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Out Over My Skis: Imposter Syndrome Strikes

Looking out over groomed ski hill with skiis in the foreground.

When I was in graduate school, a guest speaker (also a nurse) gave a talk about imposter syndrome. She helped me to realize that I wasn’t alone in my fear. I feared that I wasn’t as competent as the rest of the world thought I was. 

Many years later, I read Michael Hyatt’s book, The Vision Driven Leader. I marked page 186, and I’ve returned to it many times. There, Hyatt says that when he asks business owners if they feel like they’re out over their skis, 75% raise their hands.

Did he make it up? No.

Shortly after I became one of Hyatt’s clients, he asked a bunch of us that same question. Sure enough, about 75% of us raised our hands. We admitted that we felt out over our skis, or in over our head.

Are his clients different from other business owners? Apparently not.

“Imposter Syndrome” strikes many

Whatever you call this feeling, it’s not uncommon. Dr. Valerie Young, author of The Secret Thoughts of Successful Women says she’s spoken to over 500,000 people who have the same feelings. During those talks, she gives attendees 10 steps to overcome Imposter Syndrome.

I thought maybe I could try the first two steps myself: Admitting and reflecting.

Step 1: I admit that I have had this feeling for most of my life.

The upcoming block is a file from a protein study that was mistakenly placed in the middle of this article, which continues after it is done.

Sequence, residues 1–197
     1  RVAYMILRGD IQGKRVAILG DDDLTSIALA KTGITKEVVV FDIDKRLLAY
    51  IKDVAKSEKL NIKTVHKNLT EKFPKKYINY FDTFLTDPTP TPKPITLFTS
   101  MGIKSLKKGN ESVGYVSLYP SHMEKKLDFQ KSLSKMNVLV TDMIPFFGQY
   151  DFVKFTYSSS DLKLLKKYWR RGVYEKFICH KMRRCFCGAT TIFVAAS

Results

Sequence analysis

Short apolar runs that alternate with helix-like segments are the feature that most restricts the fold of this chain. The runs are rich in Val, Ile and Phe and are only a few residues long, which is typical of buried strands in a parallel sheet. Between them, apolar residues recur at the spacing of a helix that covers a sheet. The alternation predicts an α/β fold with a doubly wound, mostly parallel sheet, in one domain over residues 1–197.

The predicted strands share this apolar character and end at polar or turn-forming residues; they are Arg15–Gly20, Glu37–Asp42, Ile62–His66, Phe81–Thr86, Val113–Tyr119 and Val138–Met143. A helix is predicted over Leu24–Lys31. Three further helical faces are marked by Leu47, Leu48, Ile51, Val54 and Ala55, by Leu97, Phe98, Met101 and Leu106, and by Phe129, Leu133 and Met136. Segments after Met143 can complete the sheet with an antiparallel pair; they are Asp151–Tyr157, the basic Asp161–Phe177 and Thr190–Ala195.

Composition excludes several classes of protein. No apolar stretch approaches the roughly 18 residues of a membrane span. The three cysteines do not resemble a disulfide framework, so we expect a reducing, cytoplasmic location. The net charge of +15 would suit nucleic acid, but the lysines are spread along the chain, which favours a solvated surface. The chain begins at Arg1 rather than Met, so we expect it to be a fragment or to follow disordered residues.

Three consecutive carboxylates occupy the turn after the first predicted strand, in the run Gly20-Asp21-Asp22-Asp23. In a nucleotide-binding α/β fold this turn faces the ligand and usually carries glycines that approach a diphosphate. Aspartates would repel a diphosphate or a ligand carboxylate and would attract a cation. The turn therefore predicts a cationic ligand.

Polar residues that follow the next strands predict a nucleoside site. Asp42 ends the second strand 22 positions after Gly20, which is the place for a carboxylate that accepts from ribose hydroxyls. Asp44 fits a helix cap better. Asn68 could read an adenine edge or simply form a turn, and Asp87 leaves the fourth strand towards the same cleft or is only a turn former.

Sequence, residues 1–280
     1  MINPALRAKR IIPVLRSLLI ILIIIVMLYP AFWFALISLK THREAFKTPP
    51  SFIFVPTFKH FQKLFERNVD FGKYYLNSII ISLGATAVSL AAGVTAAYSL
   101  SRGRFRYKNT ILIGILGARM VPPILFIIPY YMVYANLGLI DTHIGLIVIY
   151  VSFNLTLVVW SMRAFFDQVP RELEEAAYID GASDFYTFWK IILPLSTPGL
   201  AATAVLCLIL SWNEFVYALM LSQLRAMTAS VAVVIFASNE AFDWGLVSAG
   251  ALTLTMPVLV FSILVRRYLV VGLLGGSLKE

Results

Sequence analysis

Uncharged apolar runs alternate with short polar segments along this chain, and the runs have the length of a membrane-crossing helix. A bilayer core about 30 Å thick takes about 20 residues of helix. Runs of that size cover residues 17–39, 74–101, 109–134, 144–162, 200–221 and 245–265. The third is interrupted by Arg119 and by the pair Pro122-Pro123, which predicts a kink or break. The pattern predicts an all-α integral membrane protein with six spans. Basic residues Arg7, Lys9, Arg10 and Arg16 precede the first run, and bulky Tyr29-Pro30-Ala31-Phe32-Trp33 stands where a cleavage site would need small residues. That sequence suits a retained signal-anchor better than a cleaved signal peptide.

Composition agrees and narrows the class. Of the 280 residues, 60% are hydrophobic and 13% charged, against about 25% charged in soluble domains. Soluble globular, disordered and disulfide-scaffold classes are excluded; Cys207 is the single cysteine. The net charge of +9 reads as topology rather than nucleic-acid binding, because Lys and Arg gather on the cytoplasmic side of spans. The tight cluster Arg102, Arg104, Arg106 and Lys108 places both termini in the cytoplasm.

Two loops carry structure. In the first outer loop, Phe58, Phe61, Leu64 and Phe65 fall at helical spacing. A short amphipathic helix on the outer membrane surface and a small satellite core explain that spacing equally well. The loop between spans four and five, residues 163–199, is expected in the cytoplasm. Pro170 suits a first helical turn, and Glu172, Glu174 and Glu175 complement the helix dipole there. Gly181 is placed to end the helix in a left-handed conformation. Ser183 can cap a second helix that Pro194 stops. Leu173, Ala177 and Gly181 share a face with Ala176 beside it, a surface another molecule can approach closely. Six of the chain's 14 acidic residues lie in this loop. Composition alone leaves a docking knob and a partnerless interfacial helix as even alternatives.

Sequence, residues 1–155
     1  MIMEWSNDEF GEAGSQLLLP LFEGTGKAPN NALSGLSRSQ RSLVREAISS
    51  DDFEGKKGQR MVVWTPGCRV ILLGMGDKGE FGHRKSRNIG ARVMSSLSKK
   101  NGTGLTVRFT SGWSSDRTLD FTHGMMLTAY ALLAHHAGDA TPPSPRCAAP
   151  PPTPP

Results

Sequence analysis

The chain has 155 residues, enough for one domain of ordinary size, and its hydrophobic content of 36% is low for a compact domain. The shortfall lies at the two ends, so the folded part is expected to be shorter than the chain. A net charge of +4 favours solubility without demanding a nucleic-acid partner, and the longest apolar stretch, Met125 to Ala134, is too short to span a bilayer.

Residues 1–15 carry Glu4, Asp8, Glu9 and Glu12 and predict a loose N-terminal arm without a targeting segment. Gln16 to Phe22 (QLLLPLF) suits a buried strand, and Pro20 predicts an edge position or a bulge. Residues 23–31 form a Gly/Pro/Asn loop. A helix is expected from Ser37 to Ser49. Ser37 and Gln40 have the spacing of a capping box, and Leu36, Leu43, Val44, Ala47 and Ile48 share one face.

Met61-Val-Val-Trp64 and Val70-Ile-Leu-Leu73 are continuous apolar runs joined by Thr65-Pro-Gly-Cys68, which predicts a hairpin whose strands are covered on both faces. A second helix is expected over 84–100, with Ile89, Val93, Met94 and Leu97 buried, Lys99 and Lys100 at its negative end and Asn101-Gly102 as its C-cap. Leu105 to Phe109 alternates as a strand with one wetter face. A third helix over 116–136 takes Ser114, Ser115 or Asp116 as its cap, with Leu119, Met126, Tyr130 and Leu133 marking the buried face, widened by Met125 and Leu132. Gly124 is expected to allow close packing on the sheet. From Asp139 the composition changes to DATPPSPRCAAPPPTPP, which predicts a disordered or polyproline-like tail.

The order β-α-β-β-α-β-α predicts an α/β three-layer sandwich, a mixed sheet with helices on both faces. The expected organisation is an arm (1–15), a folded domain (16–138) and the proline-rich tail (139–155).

Step 2: I agree that just because I feel stupid doesn’t mean I am.

So, here are some of my reflections.

Imposter syndrome has struck me many times

I felt out over my skis during my rookie year as a registered nurse. It struck me again when I was appointed to a faculty position at a big university before I was 30. And later, when I accepted a position as a clinical nurse specialist at a huge medical center. And again, when I was appointed to a high-level administrative job. When I got a contract for my first book with a big publisher … you guessed it ― imposter syndrome struck again. Big time!

Again and again. The list goes on.

Fast forward, I think I’ve had imposter syndrome for ― well, probably for my whole life.   Especially as a leader and a business owner.

How many of us have imposter syndrome?

Dr. Young has an insightful and entertaining 6-minute TED talk. There, she said that 70% of us feel like imposters; that we are sure it will be only a matter of time until others discover that we don’t know what we’re doing. Hmm … sounds very familiar.

I posit that mastering Young’s Step 7 will get me ― and probably you ― out of that statistic. Her Step 7 talks about “reframing.” Many experts talk about limiting beliefs.

Who can get unstuck from Imposter Syndrome?

You. Me. Everyone. I don’t have to stay stuck. Neither do you. 

Yet, I am the only one who can get myself out of that statistic. (But accepting a little help is okay!) 

Getting rid of the limiting beliefs is a major key in getting unstuck.

Moving forward

Imposter Syndrome (sometimes called imposter phenomenon) was first described by psychologists Suzanne Imes PhD, and Pauline Rose Clance PhD. (And later, Dr. Clance wrote the book The Impostor Phenomenon: Overcoming the Fear That Haunts Your Success.) Imposter syndrome occurs most commonly in high achievers, and in women. But it can and does occur in others, too.

If you want to overcome imposter syndrome, take those 10 steps that Dr. Young describes and be sure to check in with yourself often. Self-awareness ― and including your awareness of your own limiting beliefs ― is truly the first step toward moving past imposter syndrome. 

Which of those 10 steps do you think will be most difficult to tackle?

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